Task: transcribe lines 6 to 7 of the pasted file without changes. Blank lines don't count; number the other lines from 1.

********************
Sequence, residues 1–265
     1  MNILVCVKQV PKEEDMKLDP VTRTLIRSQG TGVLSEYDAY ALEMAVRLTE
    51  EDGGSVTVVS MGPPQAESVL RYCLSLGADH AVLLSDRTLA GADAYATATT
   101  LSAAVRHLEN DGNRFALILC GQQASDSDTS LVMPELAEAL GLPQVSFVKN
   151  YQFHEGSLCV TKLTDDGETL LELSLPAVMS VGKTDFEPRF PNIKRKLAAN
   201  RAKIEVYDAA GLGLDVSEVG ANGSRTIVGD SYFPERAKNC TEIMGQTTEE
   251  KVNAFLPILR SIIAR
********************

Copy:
   201  RAKIEVYDAA GLGLDVSEVG ANGSRTIVGD SYFPERAKNC TEIMGQTTEE
   251  KVNAFLPILR SIIAR